Don't be embarrassed that you're an addict or alcoholic, either. Telling the doctor or staff the truth may save you from a relapse. Click To Tweet
Many people have ended up in full-blown relapse, thinking that taking narcotic pain medications for just a few days would not be a problem. Unfortunately, it is often the beginning of a more significant problem.
4. Behavioral Red Flag Warnings
Simply put, behaviors are actions that we do and do not do. So what are the risky behaviors versus safe behaviors?
- Not going to meetings vs. Enough meetings to reinforce recovery
- Going around using friends vs. Establishing a social network of recovering people
- Dating vs. Putting a relationship on hold
- Letting up on recovery routines vs. Planning activities
- Not having a plan for stress vs. Learning techniques to lessen anxiety
- Being close-minded vs. Listening to people about recovery
Unavoidable Triggers and Relapse Prompting Encounters
Even with our focus on recovery, unavoidable triggers, people, and situations will prompt us to think about using. There will be times that we are focused on our recovery and doing everything we can to keep up our focus, but a chance encounter, a feeling, or a thought of using will happen. It might be:
- Hearing a particular song
- Running into an old using friend at a store
- Seemingly innocent movies that end up reminding us of our use
If we notice that we are engaging in these activities, having these emotions, or demonstrating a negative attitude, we should be mindful of a potential relapse. Each of us in recovery needs to be aware of the Red Flag Warnings Leading to Relapse.
Relapse Prevention Knowledge is Readily Available to Us
There are many components to a relapse. Most of these are predictable. Therefore, many people have come up with safe, effective alternatives to relapse.
For instance, going fishing and being isolated from all temptations may not work for you, but it works for others. Be open to their solutions, and you may find that some of them will work for you.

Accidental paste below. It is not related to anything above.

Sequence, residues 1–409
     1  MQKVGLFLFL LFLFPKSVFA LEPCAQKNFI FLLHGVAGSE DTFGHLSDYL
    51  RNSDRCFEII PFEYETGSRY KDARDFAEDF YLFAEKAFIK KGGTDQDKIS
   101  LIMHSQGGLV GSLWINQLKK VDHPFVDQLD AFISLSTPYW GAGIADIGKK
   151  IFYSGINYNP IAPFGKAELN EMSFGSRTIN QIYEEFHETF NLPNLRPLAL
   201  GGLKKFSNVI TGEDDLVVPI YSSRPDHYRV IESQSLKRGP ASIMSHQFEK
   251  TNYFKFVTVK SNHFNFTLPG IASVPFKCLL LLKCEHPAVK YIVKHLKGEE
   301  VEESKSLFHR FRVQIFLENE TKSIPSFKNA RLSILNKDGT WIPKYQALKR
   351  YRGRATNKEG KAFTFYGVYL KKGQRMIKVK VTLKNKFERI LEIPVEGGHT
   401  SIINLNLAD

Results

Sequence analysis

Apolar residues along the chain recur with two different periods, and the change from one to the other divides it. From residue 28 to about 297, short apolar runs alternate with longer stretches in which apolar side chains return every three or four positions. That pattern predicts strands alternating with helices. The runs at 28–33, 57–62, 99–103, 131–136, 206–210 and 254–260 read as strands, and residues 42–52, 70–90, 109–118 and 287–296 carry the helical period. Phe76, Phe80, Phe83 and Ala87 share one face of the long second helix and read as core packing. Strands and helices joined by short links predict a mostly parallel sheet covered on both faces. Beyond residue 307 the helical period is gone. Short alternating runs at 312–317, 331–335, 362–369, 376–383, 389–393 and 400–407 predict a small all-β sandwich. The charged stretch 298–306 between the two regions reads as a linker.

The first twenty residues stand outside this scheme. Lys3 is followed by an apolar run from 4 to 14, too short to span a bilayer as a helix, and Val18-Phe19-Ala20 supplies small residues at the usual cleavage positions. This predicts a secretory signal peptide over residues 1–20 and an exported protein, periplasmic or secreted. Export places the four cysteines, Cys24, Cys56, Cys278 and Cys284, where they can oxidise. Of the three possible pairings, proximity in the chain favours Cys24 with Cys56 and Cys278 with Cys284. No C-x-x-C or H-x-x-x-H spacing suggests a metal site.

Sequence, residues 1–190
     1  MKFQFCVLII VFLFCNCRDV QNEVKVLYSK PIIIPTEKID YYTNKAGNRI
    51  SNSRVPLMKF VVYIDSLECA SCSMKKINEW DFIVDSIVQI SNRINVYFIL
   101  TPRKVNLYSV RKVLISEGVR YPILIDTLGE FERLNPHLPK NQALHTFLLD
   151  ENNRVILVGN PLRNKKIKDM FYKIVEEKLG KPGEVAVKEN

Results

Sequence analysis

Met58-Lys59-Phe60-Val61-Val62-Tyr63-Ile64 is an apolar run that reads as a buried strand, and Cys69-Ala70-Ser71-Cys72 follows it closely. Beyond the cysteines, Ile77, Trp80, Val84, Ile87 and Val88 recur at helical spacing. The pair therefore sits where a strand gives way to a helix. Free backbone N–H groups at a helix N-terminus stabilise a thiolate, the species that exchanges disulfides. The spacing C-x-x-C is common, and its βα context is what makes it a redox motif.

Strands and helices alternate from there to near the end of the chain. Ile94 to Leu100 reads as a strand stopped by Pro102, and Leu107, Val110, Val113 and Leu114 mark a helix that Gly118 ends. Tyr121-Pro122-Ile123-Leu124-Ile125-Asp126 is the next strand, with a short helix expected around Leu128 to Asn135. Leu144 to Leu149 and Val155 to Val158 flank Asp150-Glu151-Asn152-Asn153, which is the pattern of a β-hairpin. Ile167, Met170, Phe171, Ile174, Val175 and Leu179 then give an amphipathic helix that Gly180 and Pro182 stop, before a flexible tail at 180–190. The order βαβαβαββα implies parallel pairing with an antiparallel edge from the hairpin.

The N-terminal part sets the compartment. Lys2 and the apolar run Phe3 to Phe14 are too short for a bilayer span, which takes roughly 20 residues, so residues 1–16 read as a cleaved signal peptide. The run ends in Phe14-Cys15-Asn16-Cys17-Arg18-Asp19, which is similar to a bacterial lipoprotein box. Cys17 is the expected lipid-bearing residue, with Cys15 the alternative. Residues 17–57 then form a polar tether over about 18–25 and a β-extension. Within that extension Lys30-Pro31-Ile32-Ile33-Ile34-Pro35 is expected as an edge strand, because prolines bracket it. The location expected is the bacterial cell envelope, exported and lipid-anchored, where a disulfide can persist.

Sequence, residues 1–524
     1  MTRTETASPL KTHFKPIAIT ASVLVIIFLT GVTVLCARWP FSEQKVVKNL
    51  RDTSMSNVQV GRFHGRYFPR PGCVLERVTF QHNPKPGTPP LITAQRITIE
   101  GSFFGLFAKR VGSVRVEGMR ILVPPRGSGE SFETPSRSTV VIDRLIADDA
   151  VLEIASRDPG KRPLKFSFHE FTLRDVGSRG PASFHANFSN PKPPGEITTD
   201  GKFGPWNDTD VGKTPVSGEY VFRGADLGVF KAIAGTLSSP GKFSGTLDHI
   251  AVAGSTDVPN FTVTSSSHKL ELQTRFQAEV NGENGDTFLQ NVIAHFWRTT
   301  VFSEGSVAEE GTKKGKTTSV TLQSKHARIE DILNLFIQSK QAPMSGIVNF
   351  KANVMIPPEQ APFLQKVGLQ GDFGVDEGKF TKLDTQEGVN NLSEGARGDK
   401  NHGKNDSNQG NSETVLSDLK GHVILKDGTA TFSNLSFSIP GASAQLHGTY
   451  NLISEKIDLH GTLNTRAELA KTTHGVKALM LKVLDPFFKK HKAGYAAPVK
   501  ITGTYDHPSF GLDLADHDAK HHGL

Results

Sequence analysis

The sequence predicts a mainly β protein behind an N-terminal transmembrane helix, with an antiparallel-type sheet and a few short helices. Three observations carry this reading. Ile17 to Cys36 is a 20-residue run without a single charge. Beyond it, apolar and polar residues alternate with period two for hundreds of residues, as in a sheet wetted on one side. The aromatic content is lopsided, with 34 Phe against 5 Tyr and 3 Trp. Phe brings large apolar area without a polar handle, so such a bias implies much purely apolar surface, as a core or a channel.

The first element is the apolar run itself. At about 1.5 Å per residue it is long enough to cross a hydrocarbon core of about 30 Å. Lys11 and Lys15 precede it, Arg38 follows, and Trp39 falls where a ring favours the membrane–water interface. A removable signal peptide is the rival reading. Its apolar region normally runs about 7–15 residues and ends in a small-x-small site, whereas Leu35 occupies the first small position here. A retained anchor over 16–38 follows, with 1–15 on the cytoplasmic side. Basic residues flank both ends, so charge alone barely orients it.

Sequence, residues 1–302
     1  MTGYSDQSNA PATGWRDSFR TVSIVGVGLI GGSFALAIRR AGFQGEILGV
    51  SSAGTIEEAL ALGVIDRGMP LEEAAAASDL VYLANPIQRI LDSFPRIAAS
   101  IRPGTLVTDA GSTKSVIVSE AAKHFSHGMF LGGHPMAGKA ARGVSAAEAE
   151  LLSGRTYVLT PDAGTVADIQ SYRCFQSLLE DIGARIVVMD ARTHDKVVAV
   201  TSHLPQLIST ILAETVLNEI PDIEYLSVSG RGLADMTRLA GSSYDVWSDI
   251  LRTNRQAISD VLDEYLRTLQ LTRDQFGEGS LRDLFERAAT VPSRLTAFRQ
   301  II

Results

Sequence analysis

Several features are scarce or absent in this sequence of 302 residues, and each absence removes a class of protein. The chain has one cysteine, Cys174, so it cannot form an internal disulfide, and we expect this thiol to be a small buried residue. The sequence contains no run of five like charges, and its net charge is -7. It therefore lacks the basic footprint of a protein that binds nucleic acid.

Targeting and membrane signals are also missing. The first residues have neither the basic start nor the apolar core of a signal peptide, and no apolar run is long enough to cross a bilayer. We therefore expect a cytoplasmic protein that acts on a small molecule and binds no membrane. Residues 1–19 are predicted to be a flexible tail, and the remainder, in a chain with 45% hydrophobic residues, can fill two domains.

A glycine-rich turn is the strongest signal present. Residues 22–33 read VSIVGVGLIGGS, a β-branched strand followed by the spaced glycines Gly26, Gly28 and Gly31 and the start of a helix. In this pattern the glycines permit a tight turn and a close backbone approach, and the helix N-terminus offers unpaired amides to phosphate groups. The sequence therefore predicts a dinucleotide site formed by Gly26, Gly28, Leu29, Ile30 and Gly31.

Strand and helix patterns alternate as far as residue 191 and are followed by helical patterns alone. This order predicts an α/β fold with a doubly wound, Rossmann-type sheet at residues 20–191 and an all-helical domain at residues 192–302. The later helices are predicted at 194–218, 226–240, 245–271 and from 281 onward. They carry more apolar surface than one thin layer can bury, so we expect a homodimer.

Do not hesitate to ask in meetings, groups, or your treatment provider for practical, creative approaches to preventing relapse.
We all know that certain situations, people, feelings, and thoughts will result in thinking about using. If we take the initiative to study and find more alternatives to relapse and use these resources, we are less likely to relapse.
Most people are willing to share what has worked for them in relapse prevention techniques. The methods for not relapsing are going to be as varied as the people who use them. Click To Tweet
Create a Relapse Prevention Card and Reminders on Your Phone
Remind yourself what would happen to your goals, how you would feel, where you can go for help and who you can call. Having a relapse prevention card in your wallet or purse means that when an urge hits, you’ve got resources. Having this paper copy and one on your phone means you’re always ready if you need the support of others, so you don’t relapse.
When You Keep Your Focus on Your Recovery
When we focus on our recovery, pay attention to the Red Flag Warnings, and don’t relapse, we create ways to keep us safe.
We’ve overcome that lying voice that says it’s okay to use. We don’t buy into the justifications that we’ll feel better if we pick up. We remember the pain of use.
If we stay on track and focus on our recovery goals, we’ve weathered a potential setback.
Give yourself credit. It’s okay to feel proud. It’s okay to claim that you hit your goal for the day; after all, you’ve got another day closer to your goal of long-term recovery when you don’t relapse. Good for you.
Writing and recovery heal the heart.
Marilyn recently published her memoir, Finding North: A Journey from Addict to Advocate, available on Amazon. To help others write an excellent memoir, she published, Memories into Memoir: The Mindsets and Mechanics Workbook, also available on Amazon.